Find delicious ways to make the most of seasonal grapefruit—from shortbread to salads to beurre blanc.
Grapefruit are forever associated with diets in many minds. Half a grapefruit and a cup of black coffee has been a classic dieter’s breakfast through all kinds of nutrition and diet fads. The thing is, half a grapefruit at breakfast is a fabulous thing. Perhaps a drizzle of honey or agave syrup on a less sweet variety to counter its tart and slightly bitter nature. Or, get fancy, and make a quick baked ruby red grapefruit topped with orange marmalade and cinnamon to add sweetness and a new flavor, although a sprinkle of brown sugar and few minutes under a broiler does a good job, too.
If you’ve planned ahead, you can spread some grapefruit papaya preserves on your toast, too.
Next up on the simple scale is to add slices or sections (known as “supremes” when you bother to cut them out of their membranes) of fresh, ripe grapefruit to a salad. Just toss them in a tossed green salad, if you like, or kick that up a notch with a grapefruit arugula salad with goat cheese for a creamy note and pecans for crunch or a Bibb winter citrus salad with avocado for a beautiful range of color on a single plate. An endive citrus salad is simple but effective, with the chicory and grapefruit knocking down each other’s relatively bitter edge. If you crave a new way to serve kale salad, this grapefruit kale salad features a fresh jalapeño for heat and brightly colored watermelon radish for crunch.
Grapefruit salad don’t need to feature greens. For a simple but stunning combination, try this fennel grapefruit salad—it’s those two ingredients plus a bit of olive oil and salt. Yum. A bit more effort yields a winter caprese made with beets, grapefruit, mozzarella, and the total surprise of a touch of cardamom. Sweet beets and bright grapefruit also work well together in this grapefruit beet salad that includes a bit of heat from chili powder and the option to smooth things out with a few slices of optional avocado.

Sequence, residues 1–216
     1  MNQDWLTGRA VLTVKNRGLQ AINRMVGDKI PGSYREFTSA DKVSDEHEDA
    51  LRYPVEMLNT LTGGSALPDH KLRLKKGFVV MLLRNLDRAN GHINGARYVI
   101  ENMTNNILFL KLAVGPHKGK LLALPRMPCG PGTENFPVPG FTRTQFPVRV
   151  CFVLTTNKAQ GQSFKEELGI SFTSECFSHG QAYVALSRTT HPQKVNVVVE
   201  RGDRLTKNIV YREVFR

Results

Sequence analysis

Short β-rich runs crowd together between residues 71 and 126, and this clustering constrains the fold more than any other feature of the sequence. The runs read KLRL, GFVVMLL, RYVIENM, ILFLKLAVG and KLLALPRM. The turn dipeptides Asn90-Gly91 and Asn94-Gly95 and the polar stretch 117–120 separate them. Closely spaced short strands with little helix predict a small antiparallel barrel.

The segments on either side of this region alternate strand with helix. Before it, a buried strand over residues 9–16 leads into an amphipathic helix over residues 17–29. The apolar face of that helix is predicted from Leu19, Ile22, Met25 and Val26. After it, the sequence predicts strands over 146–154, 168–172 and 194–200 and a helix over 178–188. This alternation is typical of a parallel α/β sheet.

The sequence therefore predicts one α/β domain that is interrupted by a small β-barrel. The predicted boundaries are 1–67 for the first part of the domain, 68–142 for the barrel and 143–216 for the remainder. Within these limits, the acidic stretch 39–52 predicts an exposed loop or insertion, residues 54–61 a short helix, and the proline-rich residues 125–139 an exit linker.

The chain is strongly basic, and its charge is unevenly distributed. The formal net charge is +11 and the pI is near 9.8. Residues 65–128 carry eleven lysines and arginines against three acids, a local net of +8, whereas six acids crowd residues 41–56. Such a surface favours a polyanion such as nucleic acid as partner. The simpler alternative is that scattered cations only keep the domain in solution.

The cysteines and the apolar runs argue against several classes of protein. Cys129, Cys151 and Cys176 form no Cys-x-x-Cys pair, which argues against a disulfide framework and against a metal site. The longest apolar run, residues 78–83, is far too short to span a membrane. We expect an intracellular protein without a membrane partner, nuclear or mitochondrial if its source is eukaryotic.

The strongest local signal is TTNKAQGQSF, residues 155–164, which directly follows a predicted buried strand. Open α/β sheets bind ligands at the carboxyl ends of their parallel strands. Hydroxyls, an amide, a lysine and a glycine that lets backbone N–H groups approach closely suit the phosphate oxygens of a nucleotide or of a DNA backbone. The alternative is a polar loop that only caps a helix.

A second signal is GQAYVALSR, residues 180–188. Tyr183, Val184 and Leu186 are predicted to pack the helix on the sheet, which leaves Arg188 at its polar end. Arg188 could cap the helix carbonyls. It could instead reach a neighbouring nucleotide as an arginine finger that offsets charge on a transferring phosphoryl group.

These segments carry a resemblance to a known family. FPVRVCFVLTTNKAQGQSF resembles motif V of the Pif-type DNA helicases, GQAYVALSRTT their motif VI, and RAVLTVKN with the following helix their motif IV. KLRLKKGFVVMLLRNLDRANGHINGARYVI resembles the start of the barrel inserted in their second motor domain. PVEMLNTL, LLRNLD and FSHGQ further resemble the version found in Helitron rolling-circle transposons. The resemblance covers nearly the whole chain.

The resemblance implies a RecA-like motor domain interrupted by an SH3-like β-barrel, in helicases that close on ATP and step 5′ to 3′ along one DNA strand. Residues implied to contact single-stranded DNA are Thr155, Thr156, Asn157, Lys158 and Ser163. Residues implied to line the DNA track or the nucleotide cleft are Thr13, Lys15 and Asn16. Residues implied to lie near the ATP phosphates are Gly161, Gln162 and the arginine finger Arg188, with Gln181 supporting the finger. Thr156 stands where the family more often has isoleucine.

Grapefruit thyme beurre blanc is another great example of harnassing grapefruit’s unique edge in a savory dish. This sauce is quick and easy to make and livens up dishes that are otherwise a bit plain—a roasted chicken breast or a filet of sole.
The tart-bitter-citrus note that is grapefruit is popular in drinks. A few non-alcoholic options beyond a simple glass of fresh grapefruit juice, include making grapefruit rosemary shrub or grapefruit basil shrub. For those who are a bit more adventurous, here’s how you make homemade grapefruit kombucha.
Another grapefruit project is to take on homemade grapefruit bitters (or these spiced grapefruit bitters with clove). Once you have the bitters, they are delicious dashed into a glass of soda water for a mocktail, or in any cocktails that use bitters. Or try a sea dog featuring gin or a running mate with bourbon and egg white.
Cocktails made with fresh grapefruit juice can be wicked refreshing, such as this sparkling grapefruit cocktail or this aptly named refreshed Negroni. An Italian greyhound is made with sweet vermouth to be less tart than its classic counterpart. Or just go ahead and use a wedge of fresh grapefruit to add a bit of tang to a rose gin & tonic.
The tart acidic kick of grapefruit is also excellent in desserts, adding a brightness to counter richness and sweetness. This grapefruit fennel pollen shortbread has a sophisticated edge, perfect with the finest of teas or sherrys. For something a bit homier, this grapefruit yogurt cake has a lot of zing. If you have company coming, go ahead and put in the extra effort to make a white chocolate pound cake with candied grapefruit and grapefruit caramel.
We also love this elegant option: Grapefruit pavlova with pomegranate. Stunningly beautiful with bright colors against white meringue.